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Federated Farmers has labelled Environment Southland's dairy differential rate ''a blatant environmental tax'' which has nothing to do with recognising the costs the council incurs as a result of dairying.
''If you are trying to put dairying in Southland on the back foot and alienate farmers, then you are on the right track,'' Federated Farmers policy adviser David Cooper told councillors at a recent meeting.
Last year, Environment Southland (ES) became the third regional council in the country to introduce a dairy differential rate.
After a storm of protest the council softened its stance, charging farmers only $512,000 and contributing $700,000 from council reserves.
In its 2013-14 annual plan the council proposed levying farmers $1,238,500. However, after deliberations, councillors voted to reduce the amount to be billed to farmers to $977,500 and fund the remainder from anticipated surpluses.
Staff said the differential rate recognised the cost of work associated with dairying, including effluent disposal, water-quality compliance and protecting the environment from ''the adverse environmental effects of resource use''.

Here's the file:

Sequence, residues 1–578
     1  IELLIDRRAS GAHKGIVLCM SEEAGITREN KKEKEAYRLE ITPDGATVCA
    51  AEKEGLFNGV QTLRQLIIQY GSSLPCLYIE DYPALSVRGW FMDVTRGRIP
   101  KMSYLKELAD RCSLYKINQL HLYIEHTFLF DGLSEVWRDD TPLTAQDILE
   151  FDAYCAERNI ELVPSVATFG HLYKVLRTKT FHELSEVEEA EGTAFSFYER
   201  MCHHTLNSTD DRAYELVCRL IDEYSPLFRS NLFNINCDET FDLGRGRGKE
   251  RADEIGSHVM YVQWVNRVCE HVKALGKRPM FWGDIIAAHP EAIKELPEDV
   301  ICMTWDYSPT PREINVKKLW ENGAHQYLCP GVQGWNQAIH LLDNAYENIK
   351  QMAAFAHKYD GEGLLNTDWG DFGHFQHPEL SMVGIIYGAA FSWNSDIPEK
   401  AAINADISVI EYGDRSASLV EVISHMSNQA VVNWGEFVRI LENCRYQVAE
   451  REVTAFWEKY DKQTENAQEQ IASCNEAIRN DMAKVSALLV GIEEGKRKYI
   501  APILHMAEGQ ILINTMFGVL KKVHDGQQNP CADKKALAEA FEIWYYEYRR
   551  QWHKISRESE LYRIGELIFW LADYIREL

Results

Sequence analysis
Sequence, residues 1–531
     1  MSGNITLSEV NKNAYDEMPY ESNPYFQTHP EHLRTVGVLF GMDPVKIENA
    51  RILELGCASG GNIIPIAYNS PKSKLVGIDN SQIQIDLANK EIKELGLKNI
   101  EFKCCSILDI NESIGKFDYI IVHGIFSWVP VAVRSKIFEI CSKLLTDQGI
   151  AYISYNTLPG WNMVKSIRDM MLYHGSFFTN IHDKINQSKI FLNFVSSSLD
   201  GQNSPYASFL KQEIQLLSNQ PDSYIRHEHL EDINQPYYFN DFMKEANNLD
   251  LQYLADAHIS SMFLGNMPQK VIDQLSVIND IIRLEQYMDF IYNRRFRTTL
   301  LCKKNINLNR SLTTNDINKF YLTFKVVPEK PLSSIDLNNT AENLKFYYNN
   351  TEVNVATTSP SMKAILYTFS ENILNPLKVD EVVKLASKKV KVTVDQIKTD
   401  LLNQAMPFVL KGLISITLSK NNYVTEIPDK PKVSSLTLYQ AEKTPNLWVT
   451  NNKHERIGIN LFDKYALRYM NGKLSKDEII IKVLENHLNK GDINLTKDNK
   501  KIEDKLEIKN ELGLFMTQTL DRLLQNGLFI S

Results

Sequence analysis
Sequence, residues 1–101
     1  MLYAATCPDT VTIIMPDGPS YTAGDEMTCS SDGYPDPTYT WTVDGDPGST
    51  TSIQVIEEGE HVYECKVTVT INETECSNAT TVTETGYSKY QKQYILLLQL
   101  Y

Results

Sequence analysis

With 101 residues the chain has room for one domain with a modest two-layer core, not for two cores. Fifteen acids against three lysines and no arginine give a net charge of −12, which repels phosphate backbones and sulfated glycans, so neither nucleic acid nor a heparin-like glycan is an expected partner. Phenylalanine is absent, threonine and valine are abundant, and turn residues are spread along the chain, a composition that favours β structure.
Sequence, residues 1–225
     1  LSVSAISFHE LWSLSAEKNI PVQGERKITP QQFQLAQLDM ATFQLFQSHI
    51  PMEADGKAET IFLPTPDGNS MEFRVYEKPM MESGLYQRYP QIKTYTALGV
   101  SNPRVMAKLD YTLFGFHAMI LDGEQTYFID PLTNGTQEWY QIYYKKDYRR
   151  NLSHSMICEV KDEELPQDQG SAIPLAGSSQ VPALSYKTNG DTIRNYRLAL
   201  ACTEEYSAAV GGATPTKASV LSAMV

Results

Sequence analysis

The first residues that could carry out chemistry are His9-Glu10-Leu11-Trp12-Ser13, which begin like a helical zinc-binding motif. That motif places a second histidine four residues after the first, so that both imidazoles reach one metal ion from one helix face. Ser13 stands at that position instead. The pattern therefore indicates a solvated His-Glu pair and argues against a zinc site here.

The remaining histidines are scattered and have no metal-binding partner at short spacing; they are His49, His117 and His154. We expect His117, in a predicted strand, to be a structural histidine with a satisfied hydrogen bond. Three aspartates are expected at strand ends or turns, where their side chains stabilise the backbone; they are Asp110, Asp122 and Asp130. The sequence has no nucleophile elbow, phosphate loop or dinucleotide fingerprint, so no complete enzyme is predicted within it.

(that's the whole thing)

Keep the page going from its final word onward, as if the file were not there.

Federated Farmers and many individual farmers objected to the differential.
Mr Cooper, Southland Federated Farmers provincial president Russell MacPherson and Southland dairy section president Allan Baird were among several farmers who appeared at an ES council annual plan hearing.
Mr Cooper said Federated Farmers ''opposed the dairy differential outright''.
''It is our view you are simply imposing an environmental tax on one land use across Southland based on perception.''
The differential did not recognise or incentivise farmers who were doing a good environmental job on their properties, he said.
''It is simply a tax for being a dairy farmer. It is like handing a speeding ticket to every driver just for getting in the car.''
Some dairy farmers were not achieving what they should be, but ES should ensure the cost of compliance and monitoring fell clearly on those individuals, Mr Cooper said.
ES said its decision to reduce the amount farmers paid was made after its Water and Land 2020 and Beyond project identified the whole community was contributing to water-quality issues in some way, so the dairy industry should not be the only sector singled out for an extra contribution to the project.
It also resolved to take a fresh look at the way costs were allocated against the dairy differential rate next year.